It's hard to believe that it's been two years since I shared Shannon Burke's observation about visitors gained during a prototyping day at the Harriet Beecher Stowe Center. She noted that we tend to both over-estimate our visitors' knowledge and underestimate what they're up for. This past weekend I was back at Stowe Center, doing more prototyping and was reminded of the underestimating part--and why prototyping is always, always, worth it.
In the interpretive planning for the new experience at the Stowe House, we'd been struggling with how to convey the impact that Uncle Tom's Cabin made in its initial publication as a serial in the National Era. Our designer, Roger Westerman, came up with a suggestion--an audio installation that conveyed the sense of one voice reading, then another, then an entire room filled with voices reading the book.
And here's why you prototype. We weren't at all convinced (okay, Emily was) that this would work so we decided to give it a try, on Stowe's birthday celebration, when there were many visitors. Rather than audio, we decided to try it as a participatory activity. After a brief (very brief--that's another lesson we're continually learning) introduction and passing out of an typed excerpt, I read a sentence from a chapter. I asked one person to join me in reading, and then invited the whole group to read along. Our groups were amazingly varied that day: from a high school basketball team, to seniors, to international visitors. And they did! Not only did they read along, but when we did a debrief, they talked about not only their understanding but also about what it felt like to them.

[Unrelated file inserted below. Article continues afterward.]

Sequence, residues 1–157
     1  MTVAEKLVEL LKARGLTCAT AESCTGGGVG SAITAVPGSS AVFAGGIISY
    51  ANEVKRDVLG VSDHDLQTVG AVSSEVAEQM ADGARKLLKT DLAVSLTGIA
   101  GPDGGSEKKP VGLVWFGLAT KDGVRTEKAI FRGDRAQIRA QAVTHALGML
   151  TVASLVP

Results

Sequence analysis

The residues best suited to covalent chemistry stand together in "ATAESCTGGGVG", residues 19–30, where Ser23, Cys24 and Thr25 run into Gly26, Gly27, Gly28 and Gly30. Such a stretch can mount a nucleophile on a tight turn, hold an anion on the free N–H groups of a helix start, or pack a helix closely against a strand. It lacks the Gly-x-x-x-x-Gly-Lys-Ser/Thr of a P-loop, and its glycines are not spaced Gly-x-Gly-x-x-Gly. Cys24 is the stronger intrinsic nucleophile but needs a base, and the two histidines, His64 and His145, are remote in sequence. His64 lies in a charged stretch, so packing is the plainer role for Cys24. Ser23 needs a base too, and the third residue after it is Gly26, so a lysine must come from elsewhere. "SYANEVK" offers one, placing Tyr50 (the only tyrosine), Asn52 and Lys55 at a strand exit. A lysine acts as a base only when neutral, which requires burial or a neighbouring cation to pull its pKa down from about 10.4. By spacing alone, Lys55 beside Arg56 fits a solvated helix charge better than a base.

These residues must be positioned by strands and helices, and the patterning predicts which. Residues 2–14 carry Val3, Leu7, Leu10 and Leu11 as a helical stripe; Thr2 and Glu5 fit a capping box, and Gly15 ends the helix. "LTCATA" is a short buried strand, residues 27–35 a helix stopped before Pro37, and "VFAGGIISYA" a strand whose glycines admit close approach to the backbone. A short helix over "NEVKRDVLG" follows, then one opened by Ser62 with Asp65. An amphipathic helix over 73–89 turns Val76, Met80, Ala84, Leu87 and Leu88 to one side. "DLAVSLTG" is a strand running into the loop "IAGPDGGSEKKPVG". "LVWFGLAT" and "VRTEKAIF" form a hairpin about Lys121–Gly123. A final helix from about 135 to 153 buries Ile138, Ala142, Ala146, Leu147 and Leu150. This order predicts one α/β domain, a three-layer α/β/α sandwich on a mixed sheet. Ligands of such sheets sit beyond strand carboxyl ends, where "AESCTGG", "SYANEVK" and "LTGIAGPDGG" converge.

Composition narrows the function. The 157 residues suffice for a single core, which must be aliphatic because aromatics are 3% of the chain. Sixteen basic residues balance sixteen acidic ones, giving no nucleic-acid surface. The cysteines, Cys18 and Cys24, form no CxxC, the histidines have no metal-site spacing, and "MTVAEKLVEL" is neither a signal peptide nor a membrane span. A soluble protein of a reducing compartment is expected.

They absolutely understood, through their own voices, the sense of the words spreading across the country, from person to person. But equally importantly, they felt valued and cared for. One visitor said that he'd never had the opportunity to use his voice on a tour, and loved it. Another likened it to church, in a sense of fully participating. In that vein, a clergyman offered us some good advice about enhancing the experience from his own work. One person said she loved to read aloud; another said she hated it, but because I didn't make anyone read but made it optional, and in a group, that she felt comfortable doing it.
Do we still need an audio installation? Maybe not. Our simple prototype taught us that the collective experience is really what matters.
But here's my bigger take-aways as you work to design new experiences in museums or historic houses:
- Don't be afraid of emotional connections. Many, if not most, visitors crave them.
- Prototype, prototype, prototype.
- Primary sources are powerful. Don't hide them amidst your own words.
- Big ideas don't need big budgets.
- Don't be afraid of failure (we know that's an essential part of the creative process) and equally importantly, support risk-taking. One of the great parts of the Stowe Center interpretive team is the way they support each other (and me) and encourage prototyping ideas.
- Consider ways to make your tour groups a tiny community for the length of the tour. As one person said about the debrief of several different experiences: "Maybe the conversation, us talking here, is really the important part."
- Celebrate success. Yay Stowe team!